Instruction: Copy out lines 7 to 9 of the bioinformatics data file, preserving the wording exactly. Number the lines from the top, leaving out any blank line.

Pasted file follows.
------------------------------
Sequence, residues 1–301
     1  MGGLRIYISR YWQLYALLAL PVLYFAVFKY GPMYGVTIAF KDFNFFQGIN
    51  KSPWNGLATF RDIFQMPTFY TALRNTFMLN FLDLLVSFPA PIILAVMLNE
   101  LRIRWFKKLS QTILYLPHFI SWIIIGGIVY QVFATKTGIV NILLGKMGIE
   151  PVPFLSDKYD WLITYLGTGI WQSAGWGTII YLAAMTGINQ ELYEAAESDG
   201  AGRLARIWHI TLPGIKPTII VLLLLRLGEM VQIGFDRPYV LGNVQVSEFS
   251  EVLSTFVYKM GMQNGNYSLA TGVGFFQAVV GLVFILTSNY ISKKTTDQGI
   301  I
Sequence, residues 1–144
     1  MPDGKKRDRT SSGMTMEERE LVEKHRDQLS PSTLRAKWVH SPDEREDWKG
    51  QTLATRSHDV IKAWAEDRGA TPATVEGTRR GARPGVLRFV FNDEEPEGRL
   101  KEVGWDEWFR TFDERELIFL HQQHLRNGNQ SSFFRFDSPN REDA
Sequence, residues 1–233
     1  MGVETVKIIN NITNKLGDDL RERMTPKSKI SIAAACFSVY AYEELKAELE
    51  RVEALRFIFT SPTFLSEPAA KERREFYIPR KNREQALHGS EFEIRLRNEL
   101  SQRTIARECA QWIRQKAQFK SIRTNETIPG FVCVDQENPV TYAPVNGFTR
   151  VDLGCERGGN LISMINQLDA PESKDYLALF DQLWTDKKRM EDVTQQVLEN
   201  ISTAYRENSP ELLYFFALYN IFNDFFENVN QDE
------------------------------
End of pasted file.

   251  EVLSTFVYKM GMQNGNYSLA TGVGFFQAVV GLVFILTSNY ISKKTTDQGI
   301  I
Sequence, residues 1–144